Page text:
Cave site in the northern slope of Monte Pellegrino 8 km north of Palermo on the north coast of Sicily. It contains a number of prehistoric figures engraved in the surface of a smooth slab of rock on the left-hand side, which were revealed when a layer of stalagmite was detached by exploding ammunition in the 1940s. The earliest, lightly incised group includes horses, cattle, a hind and a woman carrying a bundle. The main group consists of ten male figures, each about 250 mm high, and a larger figure of a deer. The outlines of the former are bold and assured, though the heads are invariably crude, often animal- or bird-like; hands and feet were simply omitted. Later two bovids were added; these are much more roughly drawn. All had been covered by the stalagmite, which must have taken many centuries, if not millennia, to form. A date of c. 12,000 bp seems likely, since flints of this period were found in an adjacent cave. However, the scenes cannot be matched closely in comparable painted and engraved caves of France and Spain (see Prehistoric Europe, §II, 2). Even the rarer Italian examples, such as those at Romanelli, near Lecce, and Genovesi, Levanzo, contain nothing quite like them. The interpretation of the figures at Addaura is particularly controversial. The human figures stand, walk, crouch or lie on their faces, apparently painfully trussed; but it is not clear whether the artist intended them to be viewed as a single scene, perhaps of dancing or sacrifice, or as individual unrelated figures. The effect is powerful, but nevertheless it remains puzzling.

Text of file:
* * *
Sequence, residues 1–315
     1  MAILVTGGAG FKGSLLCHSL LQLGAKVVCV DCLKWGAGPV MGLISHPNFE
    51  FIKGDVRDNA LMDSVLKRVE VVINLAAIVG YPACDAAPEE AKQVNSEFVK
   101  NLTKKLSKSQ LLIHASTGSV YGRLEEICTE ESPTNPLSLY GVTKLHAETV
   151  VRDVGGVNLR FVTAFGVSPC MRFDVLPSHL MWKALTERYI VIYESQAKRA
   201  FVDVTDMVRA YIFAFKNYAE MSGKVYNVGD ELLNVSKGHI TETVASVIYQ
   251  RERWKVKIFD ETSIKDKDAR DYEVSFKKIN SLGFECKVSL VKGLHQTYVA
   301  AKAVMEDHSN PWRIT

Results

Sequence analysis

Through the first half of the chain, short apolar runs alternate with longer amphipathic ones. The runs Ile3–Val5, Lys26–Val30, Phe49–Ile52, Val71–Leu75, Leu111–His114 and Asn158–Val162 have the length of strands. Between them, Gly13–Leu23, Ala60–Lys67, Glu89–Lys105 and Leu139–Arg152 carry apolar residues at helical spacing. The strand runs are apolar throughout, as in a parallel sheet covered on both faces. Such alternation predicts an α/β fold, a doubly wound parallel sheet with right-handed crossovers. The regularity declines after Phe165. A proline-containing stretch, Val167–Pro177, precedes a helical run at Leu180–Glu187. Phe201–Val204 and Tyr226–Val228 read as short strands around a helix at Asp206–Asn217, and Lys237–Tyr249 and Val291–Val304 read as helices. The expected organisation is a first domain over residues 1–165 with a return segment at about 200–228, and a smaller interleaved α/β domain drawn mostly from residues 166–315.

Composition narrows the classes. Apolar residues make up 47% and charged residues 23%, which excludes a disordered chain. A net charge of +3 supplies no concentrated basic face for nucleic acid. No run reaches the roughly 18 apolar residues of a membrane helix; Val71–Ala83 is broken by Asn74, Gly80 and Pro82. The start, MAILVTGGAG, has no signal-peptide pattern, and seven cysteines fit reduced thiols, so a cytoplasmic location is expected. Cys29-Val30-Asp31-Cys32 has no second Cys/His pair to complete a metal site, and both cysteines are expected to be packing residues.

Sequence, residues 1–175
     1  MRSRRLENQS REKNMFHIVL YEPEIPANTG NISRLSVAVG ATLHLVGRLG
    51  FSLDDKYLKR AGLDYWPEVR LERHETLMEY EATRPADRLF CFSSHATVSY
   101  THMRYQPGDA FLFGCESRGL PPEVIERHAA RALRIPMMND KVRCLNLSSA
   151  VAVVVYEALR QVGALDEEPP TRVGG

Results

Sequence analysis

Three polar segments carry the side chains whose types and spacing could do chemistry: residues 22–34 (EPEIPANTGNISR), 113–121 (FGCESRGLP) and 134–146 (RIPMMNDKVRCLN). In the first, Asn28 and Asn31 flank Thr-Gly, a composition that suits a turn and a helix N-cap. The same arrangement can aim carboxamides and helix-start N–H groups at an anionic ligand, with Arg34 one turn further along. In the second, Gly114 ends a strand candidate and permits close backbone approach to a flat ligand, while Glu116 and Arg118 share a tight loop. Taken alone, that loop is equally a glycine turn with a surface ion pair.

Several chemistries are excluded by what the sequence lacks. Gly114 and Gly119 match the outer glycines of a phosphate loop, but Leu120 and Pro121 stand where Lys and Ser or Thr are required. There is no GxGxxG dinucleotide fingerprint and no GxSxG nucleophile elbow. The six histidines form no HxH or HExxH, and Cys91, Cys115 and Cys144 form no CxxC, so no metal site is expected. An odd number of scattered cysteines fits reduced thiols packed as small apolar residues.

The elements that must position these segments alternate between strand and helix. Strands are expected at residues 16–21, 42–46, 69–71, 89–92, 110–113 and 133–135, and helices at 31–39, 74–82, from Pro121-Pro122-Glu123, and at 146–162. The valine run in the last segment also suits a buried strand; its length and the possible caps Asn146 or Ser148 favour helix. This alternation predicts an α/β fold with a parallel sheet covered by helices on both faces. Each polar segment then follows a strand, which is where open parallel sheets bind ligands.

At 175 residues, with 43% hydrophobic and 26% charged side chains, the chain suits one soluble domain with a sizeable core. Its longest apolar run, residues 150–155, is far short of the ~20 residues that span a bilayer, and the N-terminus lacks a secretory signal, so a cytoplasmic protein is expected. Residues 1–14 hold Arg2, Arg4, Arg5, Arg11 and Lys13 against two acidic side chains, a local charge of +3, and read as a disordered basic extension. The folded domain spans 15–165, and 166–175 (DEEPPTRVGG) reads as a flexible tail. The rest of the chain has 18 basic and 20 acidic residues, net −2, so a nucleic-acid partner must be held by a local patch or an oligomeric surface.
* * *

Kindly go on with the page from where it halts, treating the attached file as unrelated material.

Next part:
- I. Marconi Bovio: ‘Incisioni rupestri all’ Addaura (Palermo)’, Bullettino di paletnologia italiana, 8/5 (1953), pp. 5–22
- L. Bernabò Brea: Sicily (London, 1957), pp. 32–3
- J. Hawkes: Atlas of Ancient Archaeology (London, 1974), p. 98